As part of my Lenten reflection I have been praying with selections from the book, “Crossing the Threshold of Mercy,” which is a compilation of quotes mostly from the writing and homilies of Pope Francis. One quote that caught my attention is appropriate to the gospel for this weekend which is from Luke 15, the Parable of the Lost Son, (sometimes referred to as the Prodigal Son.) Pope Francis wrote, “Let us never tire of also going out to the other son who stands outside, incapable of rejoicing, in order to explain to him that his judgment is severe and unjust and meaningless in light of the father’s boundless mercy.” This reminds me that we must notice there is a son missing from the party before we can even begin to try offering such an invitation. The only way to do that is to pray that our eyes be opened as to who among us is alienated by their own choice or by our lack of welcome.
The parable never tells us what that older brother chose. Jesus has left it up to the ‘listener’ to decide how to write the ending, so to speak, and therefore left the challenge for us as well: are we like the older brother who refused to enter into the banquet? Do we resent others who have been gifted in some way and who in our judgment do not deserve it? This is important for us as we examine our conscience to see if we have failed to enter into the invitation of God to let go of resentments or to be reconciled with others in any way. But there is a deeper challenge, which we can see only if we take the perspective not of the brothers or the father, but rather of one of the party-goers who is celebrating the return of the young son. This viewpoint asks us if we have noticed that there is a lack of wholeness in the body of people inside the party. It asks if we have even missed the older brother. It also asks us to find out why that older brother is choosing to stand alone in the night. This is at the heart of what Pope Francis has written.
Like the older brother, some might refuse to enter in because they are angry over some past wound, or because they do not understand the way of mercy. There are some who will refuse to act with respect and who will refuse to see that they have always had the love and mercy of the Father. These might scoff at our faith, at our attempts at doing good works, at our participation in a church family, and at our attempts at reaching out to them. We cannot force anyone to accept gifts any more than the Father forces us to accept His. Part of acting in mercy is to allow the other one the freedom to accept or reject our offer. But even more important is that we allow them the freedom to reject it without holding a grudge against them or judging them poorly. If we were to judge, we would be just like them: holding onto resentment and fear. With these we can only offer kindness and charity, hoping that our good works and the joy of being within the banquet might eventually allow them to cast aside their resentment and enter in. That means, as the Pope suggests, that we must never tire of reaching out to those who are like that older son. Jesus never stops inviting us into His mercy, so we need to ask Him to give us the grace to never stop inviting others into it as well.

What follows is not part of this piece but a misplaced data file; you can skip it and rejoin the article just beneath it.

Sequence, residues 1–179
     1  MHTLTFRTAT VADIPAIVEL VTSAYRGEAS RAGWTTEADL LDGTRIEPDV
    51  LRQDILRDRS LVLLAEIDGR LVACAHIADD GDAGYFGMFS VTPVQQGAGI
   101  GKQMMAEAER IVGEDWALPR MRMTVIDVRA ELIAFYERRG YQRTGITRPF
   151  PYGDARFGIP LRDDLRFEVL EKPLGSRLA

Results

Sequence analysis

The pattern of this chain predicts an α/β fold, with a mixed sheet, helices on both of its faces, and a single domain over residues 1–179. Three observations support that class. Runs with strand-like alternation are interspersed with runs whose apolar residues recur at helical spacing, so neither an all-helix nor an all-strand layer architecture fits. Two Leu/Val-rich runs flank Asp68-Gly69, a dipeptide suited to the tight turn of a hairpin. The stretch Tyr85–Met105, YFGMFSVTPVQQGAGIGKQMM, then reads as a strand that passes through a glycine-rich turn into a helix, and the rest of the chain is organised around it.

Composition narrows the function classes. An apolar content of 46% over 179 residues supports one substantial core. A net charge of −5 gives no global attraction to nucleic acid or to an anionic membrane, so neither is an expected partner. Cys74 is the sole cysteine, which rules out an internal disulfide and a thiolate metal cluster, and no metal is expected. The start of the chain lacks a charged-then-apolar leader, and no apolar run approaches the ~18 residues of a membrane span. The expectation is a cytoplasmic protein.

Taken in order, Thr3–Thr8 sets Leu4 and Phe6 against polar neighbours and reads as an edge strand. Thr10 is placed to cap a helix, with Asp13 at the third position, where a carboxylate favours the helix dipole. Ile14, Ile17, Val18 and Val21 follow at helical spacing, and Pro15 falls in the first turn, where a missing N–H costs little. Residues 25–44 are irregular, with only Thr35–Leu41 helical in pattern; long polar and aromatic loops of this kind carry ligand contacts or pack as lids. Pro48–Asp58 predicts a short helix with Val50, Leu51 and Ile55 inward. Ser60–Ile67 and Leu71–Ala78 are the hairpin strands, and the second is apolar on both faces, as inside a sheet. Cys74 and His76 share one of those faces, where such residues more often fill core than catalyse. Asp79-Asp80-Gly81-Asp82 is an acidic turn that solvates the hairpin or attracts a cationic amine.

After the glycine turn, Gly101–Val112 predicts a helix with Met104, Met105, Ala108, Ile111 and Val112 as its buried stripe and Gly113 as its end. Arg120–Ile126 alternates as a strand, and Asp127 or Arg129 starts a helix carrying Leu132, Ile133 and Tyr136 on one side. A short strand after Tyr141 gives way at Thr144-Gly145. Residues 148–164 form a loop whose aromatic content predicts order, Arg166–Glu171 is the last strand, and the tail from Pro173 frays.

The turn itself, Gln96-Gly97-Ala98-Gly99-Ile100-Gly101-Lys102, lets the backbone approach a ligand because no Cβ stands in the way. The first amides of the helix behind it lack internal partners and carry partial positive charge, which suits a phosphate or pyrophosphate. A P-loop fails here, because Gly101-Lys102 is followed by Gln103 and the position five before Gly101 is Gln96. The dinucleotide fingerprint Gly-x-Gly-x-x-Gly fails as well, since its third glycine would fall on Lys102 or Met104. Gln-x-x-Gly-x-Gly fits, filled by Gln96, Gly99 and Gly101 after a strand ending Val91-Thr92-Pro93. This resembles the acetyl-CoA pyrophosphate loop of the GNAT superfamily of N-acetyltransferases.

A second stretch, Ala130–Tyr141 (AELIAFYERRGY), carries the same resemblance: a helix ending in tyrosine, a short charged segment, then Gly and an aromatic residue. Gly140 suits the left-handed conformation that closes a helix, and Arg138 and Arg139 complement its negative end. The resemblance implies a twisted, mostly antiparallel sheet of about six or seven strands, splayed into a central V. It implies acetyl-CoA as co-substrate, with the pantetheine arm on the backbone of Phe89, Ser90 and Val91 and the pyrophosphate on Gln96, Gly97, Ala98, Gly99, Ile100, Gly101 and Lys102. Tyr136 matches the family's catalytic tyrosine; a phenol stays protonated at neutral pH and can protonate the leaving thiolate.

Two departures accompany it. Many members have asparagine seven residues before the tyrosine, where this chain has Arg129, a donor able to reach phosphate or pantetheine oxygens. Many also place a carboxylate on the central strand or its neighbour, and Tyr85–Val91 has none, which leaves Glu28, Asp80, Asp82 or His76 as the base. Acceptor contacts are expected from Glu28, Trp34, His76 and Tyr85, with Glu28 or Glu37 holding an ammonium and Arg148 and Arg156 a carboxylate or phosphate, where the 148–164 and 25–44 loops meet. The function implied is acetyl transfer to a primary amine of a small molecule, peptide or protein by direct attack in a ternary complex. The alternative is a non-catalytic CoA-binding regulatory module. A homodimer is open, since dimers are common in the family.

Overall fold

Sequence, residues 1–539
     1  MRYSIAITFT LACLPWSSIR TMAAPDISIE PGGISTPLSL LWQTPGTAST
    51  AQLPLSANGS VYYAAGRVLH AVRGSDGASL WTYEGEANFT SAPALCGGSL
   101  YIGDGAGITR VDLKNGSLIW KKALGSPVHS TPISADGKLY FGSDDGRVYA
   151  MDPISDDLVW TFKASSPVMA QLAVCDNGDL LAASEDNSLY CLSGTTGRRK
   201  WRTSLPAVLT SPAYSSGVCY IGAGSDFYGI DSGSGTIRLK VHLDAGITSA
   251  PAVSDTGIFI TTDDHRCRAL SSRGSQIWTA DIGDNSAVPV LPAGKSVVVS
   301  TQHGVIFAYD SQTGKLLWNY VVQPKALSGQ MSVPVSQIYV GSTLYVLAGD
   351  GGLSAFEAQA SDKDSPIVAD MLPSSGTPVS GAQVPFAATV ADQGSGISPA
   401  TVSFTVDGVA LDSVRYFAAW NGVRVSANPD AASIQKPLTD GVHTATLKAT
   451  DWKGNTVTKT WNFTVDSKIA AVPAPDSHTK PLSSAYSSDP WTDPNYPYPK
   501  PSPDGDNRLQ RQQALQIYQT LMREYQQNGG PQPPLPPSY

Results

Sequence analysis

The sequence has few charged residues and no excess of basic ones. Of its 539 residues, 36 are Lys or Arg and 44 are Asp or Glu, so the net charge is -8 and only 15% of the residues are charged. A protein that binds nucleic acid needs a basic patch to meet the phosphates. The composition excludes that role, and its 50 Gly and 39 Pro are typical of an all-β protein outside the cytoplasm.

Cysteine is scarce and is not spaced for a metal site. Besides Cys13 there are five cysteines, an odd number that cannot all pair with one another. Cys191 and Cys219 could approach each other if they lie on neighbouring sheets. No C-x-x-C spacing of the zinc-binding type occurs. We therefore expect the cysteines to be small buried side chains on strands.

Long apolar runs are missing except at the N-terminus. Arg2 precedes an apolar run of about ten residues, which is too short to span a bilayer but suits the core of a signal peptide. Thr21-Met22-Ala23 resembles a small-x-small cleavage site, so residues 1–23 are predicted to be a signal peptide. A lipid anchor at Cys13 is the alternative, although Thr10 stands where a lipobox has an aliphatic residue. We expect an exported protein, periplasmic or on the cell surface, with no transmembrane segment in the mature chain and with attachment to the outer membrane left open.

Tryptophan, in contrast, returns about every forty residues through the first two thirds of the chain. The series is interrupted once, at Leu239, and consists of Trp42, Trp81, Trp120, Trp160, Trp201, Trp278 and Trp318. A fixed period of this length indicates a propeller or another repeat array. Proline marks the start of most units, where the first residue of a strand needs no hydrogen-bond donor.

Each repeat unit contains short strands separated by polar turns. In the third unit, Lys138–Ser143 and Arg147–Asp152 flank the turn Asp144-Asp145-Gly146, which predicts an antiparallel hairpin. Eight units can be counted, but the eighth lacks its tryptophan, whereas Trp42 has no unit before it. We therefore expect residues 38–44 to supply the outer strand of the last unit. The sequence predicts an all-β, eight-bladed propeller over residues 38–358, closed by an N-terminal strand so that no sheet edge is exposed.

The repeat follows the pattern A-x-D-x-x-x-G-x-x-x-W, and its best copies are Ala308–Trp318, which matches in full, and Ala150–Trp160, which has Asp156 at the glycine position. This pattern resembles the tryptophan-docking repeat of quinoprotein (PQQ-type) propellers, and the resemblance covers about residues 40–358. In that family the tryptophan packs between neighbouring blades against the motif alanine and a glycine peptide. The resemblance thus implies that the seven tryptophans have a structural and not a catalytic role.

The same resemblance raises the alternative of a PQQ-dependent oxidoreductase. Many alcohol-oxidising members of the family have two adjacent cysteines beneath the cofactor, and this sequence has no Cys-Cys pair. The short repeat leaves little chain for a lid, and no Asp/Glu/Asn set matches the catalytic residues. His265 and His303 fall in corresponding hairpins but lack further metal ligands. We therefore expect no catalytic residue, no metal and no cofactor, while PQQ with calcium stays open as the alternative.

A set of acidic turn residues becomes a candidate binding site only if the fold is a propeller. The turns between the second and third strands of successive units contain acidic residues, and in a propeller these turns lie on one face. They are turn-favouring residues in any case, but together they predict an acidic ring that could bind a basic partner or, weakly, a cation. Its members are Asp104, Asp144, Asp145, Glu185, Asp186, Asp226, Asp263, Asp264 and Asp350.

May we pray for our eyes to be opened to the one standing outside in the darkness! May we not fear to enter into the darkness to invite the one outside into the light! May we persevere in our Lenten efforts no matter how we feel about the quality of the journey thus far, trusting in the mercy of God who knows the intention of our hearts! May we open our arms to those who are struggling to let go of all that keeps them from mercy and love! May we be freed from all judgment of those who will not enter into the banquet of mercy! And may we never cease in our efforts to grow in holiness because in so doing, we are indeed building up the Kingdom of God! Let us continue to meet in the Heart of Jesus! Peace!
©Michele L. Catanese
The first photo is one of mine. It is of an active Catholic parish in Medora, North Dakota. I chose this photo because this small, humble parish was alive with people and subsequently with worship. Our church families are those who gather at the banquet to which we are all invited. We are united as members of the community, the Body of Christ.
The next image is the famous Rembrandt painting, The Return of the Prodigal Son.
Next is another of my photos. It was taken at a farmhouse near Noto, Sicily. I chose this one because the figure seems to be walking away from the house, where the banquet is being held, symbolic of the older brother.
Last is an icon by Fr. William Hart McNichols called El Buen Pastor. I chose this because sometimes the one trying to get into the house is the Lord Himself. We cannot get so carried away with our merry-making that we forget Him and subsequently leave Him outside. Therefore we must always be attentive to our guests, those who are inside the house, as well as the ones who we are trying to invite in. This icon can be found at http://frbillmcnichols-sacredimages.com/featured/el-buen-pastor-188-william-hart-mcnichols.html